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Analyses of external and global intermittency in the logarithmic layer of Ekman flow

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Ansorge,  C.
IMPRS on Earth System Modelling, MPI for Meteorology, Max Planck Society;
Max Planck Research Group Turbulent Mixing Processes in the Earth System, The Atmosphere in the Earth System, MPI for Meteorology, Max Planck Society;

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Mellado,  Juan-Pedro
Max Planck Research Group Turbulent Mixing Processes in the Earth System, The Atmosphere in the Earth System, MPI for Meteorology, Max Planck Society;

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Citation

Ansorge, C., & Mellado, J.-P. (2016). Analyses of external and global intermittency in the logarithmic layer of Ekman flow. Journal of Fluid Mechanics, 805, 611-635. doi:10.1017/jfm.2016.534.


Cite as: http://hdl.handle.net/11858/00-001M-0000-002B-8694-8
Abstract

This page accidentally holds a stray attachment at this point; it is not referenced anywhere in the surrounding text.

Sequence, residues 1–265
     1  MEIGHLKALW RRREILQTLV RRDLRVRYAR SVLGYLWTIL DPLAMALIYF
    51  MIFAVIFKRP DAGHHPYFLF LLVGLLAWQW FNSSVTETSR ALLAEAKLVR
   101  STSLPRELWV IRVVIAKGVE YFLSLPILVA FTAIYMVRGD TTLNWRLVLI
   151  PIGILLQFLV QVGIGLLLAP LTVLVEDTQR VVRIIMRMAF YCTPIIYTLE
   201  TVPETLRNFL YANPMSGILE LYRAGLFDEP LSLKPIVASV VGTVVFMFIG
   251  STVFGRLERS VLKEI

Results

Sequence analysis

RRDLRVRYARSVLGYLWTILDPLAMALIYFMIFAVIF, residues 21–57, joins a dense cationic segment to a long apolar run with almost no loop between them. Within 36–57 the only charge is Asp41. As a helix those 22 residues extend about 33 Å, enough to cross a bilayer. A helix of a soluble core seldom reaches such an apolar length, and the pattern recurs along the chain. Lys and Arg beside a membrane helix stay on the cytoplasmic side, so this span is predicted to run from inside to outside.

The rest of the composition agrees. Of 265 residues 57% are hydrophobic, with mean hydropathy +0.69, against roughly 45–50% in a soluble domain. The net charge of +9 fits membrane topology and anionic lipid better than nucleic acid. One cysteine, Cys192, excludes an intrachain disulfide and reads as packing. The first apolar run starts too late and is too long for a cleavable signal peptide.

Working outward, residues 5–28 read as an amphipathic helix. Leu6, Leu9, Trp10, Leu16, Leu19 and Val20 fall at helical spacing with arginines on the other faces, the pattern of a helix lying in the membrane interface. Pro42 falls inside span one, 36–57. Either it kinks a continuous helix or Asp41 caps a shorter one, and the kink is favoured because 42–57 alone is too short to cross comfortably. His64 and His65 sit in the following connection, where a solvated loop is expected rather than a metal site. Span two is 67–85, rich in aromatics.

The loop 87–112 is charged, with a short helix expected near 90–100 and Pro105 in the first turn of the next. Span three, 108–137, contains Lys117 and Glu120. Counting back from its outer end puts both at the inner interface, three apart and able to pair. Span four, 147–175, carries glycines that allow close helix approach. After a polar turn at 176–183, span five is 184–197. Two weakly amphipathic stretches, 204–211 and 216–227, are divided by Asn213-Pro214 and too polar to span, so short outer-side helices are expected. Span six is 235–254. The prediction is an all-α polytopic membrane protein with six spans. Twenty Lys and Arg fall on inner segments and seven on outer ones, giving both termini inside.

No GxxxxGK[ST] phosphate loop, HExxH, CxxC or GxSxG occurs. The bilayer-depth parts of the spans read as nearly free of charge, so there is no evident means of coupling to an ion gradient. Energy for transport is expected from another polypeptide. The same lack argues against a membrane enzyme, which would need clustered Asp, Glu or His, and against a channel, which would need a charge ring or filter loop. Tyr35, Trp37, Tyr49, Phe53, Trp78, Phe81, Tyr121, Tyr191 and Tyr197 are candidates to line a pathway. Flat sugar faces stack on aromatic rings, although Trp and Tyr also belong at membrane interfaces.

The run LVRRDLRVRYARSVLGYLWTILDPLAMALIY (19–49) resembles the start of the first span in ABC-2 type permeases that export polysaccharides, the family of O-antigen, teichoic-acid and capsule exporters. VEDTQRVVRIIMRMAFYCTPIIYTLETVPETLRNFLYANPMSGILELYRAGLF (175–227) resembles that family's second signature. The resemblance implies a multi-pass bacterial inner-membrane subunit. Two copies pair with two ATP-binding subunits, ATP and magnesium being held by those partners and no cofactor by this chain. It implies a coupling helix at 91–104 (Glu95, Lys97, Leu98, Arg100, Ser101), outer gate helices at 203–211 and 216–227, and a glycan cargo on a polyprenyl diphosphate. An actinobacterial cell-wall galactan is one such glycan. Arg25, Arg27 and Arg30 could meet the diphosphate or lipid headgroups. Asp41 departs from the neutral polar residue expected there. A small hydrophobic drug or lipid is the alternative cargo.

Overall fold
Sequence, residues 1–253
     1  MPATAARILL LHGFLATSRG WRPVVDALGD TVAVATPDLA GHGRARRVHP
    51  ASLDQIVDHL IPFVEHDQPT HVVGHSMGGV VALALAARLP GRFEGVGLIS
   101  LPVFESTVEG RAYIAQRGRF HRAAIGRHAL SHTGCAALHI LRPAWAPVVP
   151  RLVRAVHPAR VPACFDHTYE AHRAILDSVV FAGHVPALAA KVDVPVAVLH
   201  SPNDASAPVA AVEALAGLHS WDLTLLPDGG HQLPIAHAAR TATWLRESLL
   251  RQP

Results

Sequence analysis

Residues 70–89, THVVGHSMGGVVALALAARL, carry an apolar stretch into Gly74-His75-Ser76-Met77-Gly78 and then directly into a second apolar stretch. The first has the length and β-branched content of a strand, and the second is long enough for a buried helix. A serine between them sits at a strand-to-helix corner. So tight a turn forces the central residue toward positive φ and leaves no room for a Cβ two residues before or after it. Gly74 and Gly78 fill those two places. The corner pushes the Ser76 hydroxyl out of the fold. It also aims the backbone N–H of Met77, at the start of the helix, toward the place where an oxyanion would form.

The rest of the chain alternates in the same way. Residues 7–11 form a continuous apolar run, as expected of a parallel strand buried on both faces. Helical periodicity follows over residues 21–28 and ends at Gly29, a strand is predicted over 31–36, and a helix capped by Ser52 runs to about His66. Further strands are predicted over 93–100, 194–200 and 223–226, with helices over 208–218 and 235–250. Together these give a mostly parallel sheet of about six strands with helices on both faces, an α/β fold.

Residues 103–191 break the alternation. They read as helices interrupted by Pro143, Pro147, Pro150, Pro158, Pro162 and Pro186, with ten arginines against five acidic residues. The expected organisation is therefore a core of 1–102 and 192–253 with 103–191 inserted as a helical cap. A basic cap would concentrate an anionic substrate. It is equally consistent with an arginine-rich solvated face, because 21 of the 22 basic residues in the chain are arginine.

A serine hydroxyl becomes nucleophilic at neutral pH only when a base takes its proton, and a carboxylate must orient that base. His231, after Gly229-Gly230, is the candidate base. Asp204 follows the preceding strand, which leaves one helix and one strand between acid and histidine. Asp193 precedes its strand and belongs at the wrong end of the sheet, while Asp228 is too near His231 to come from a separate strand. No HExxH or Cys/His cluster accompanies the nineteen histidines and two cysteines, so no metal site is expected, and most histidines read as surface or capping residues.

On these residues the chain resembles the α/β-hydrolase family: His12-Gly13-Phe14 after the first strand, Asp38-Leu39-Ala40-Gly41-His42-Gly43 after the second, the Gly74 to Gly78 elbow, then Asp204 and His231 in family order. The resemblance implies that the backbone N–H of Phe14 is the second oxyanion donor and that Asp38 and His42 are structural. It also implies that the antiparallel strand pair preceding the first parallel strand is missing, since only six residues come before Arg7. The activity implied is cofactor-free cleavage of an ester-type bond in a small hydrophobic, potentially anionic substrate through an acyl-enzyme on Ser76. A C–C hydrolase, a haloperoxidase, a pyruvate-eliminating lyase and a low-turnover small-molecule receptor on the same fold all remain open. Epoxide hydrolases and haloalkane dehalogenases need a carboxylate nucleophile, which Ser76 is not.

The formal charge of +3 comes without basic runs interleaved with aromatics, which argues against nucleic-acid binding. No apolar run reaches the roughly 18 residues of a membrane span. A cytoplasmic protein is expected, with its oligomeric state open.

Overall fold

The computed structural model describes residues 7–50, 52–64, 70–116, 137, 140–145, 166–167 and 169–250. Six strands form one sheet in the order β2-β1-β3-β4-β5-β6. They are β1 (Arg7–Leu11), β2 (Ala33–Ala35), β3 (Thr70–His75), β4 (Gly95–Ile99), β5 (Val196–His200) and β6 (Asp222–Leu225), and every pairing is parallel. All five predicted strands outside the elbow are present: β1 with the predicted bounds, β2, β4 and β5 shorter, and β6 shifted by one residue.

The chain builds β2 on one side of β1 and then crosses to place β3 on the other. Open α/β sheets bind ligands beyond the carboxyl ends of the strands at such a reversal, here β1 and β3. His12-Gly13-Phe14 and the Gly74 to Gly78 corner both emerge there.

Existence of non-turbulent flow patches in the vicinity of the wall of a turbulent flow is known as global intermittency. Global intermittency challenges the conventional statistics approach when describing turbulence in the inner layer and calls for the use of conditional statistics. We extend the vorticity-based conditioning of a flow to turbulent and non-turbulent sub-volumes by a high-pass filter operation. This modified method consistently detects non-turbulent flow patches in the outer and inner layers for stratifications ranging from the neutral limit to extreme stability, where the flow is close to a complete laminarization. When applying this conditioning method to direct numerical simulation data of stably stratified Ekman flow, we find the following. First, external intermittency has a strong effect on the logarithmic law for the mean velocity in Ekman flow under neutral stratification. If instead of the full field, only turbulent sub-volumes are considered, the data fit an idealized logarithmic velocity profile much better; in particular, a problematic dip in the von Kármán measure K in the surface layer is decreased by approximately 50 and our data only support the reduced range 0.41 ≤ K ≤ 0.43. Second, order-one changes in turbulent quantities under strong stratification can be explained by a modulation of the turbulent volume fraction rather than by a structural change of individual turbulence events; within the turbulent fraction of the flow, the character of individual turbulence events measured in terms of turbulence dissipation rate or variance of velocity fluctuations is similar to that under neutral stratification. © © 2016 Cambridge University Press.